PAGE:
Every argument made in either of these statements should be supported by documents from independent sources. These might include, but are not limited to:

  • Country reports issued by the U.S. Department of State, or other governmental or human rights organizations, outlining the human rights or other difficult conditions of your home country that will lead to extreme hardship to the U.S. relative.
  • Letters from medical professionals, as evidence of physical and/or emotional conditions that will lead to extreme hardship to the U.S. relative.
  • Copies of tax returns and/or pay statements as evidence of your household income.
  • Copies of statements showing any debts that need to be settled in the United States.
  • Copies of the qualifying U.S. relative's professional and/or educational credentials.
  • News articles reporting on new events in your home country that will lead to extreme hardship to the U.S. relative.
  • Letters from relatives, professionals, and/or friends who are in a position to validate certain arguments for extreme hardship.

It's a good idea to reference each piece of evidence in the personal statements as an exhibit. This will help you organize your application, which will make it easier for the USCIS officer to review it.

How Extreme Hardship to Children Factors In

There are some categories of inadmissibility that do not designate a U.S. citizen or permanent resident child as a qualifying relative for the extreme hardship waiver. Many applicants make the mistake of focusing primarily on the children when they do not qualify, resulting in a challenge or denial of their application.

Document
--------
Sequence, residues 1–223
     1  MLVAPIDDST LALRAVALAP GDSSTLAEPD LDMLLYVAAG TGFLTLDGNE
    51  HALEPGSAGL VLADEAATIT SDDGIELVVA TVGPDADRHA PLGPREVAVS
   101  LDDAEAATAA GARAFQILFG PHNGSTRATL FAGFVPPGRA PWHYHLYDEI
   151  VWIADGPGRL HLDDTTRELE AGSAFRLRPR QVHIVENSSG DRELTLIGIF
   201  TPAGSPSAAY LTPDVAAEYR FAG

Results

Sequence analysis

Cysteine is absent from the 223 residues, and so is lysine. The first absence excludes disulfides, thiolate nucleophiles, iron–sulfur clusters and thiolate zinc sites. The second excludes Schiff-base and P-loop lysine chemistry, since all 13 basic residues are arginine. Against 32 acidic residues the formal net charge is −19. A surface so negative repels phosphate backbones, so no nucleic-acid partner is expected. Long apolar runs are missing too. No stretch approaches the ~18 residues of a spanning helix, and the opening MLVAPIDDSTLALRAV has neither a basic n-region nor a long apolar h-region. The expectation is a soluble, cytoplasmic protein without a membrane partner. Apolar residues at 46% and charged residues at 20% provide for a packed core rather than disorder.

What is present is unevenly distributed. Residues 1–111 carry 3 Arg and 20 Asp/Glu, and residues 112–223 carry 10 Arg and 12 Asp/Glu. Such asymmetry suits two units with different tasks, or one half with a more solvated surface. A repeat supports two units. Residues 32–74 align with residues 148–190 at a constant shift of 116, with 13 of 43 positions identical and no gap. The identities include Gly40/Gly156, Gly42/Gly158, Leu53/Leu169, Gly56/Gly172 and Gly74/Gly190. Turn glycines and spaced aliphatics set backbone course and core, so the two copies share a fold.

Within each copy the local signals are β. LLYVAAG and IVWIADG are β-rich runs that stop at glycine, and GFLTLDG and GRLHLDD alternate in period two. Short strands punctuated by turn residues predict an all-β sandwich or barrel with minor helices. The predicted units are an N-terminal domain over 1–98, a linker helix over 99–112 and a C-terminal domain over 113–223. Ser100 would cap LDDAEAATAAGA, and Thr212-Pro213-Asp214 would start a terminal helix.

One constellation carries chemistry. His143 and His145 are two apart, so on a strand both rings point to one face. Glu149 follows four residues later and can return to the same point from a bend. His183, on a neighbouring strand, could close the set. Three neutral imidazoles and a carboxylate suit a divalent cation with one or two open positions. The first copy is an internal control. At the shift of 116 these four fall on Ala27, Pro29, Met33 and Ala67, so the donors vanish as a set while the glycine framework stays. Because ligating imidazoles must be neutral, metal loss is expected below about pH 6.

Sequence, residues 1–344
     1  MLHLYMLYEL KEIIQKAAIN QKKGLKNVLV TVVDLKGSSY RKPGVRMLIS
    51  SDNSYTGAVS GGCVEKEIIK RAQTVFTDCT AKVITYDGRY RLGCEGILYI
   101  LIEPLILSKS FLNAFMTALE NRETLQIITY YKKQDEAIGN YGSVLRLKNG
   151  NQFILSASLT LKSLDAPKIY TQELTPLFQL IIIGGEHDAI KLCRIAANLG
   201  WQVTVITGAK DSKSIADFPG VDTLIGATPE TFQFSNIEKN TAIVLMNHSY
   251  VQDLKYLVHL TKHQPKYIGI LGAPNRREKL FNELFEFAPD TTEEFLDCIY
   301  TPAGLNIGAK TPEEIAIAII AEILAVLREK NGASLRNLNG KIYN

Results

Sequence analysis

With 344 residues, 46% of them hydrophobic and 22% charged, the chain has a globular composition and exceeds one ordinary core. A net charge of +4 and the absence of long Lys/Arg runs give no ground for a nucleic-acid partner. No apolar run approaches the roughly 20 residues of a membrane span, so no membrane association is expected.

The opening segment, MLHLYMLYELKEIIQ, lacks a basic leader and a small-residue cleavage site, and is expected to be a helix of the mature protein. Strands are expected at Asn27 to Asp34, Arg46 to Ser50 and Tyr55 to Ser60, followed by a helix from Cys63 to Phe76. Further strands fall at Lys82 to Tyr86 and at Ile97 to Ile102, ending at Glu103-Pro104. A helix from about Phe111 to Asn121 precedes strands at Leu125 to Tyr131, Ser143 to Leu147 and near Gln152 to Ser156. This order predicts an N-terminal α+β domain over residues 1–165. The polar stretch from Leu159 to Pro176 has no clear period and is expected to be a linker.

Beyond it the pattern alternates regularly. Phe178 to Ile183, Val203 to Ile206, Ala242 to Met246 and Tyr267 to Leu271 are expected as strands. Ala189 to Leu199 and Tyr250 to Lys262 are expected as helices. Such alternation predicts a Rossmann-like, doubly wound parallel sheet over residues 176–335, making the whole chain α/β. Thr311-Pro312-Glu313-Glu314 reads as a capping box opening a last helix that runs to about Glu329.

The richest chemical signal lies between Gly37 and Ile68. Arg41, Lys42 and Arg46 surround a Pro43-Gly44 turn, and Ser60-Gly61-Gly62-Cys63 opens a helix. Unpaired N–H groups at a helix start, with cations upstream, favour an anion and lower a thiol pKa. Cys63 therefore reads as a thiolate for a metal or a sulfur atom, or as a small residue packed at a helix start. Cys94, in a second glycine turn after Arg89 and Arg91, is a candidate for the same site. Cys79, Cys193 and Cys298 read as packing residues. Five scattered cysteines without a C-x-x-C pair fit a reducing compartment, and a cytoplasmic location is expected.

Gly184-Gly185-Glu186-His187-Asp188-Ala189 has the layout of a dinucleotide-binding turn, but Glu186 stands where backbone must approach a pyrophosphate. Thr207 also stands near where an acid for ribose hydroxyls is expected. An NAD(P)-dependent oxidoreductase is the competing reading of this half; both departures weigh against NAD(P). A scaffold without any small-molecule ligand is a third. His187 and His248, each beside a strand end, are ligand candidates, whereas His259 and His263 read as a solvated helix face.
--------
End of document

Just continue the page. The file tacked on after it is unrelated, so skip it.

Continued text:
If your child is not a qualifying relative, you can provide evidence of extreme hardship to the child only if it will result in extreme hardship to your qualifying relative. Nevertheless, that can be an important part of your argument. If, for example, adequate medical care for a child with special needs is not available in the home country and the U.S. spouse would have to stop working and give up a rewarding career, this can be styled as extreme hardship to the U.S. spouse.

Seeking Legal Advice

It is always a good idea to consult with an immigration attorney when you prepare a waiver request based on extreme hardship to a qualifying U.S. relative. An attorney can assist in collecting the best evidence to support your arguments. An attorney can also prepare a legal summary to support your case and to serve as a guide for the adjudicating officer.

Talk to a Lawyer

Need a lawyer? Start here.

How it Works

  1. Briefly tell us about your case
  2. Provide your contact information
  3. Choose attorneys to contact you
NEED IMMIGRATION HELP ?

Talk to an Immigration attorney.

We've helped 85 clients find attorneys today.

How It Works

  1. Briefly tell us about your case
  2. Provide your contact information
  3. Choose attorneys to contact you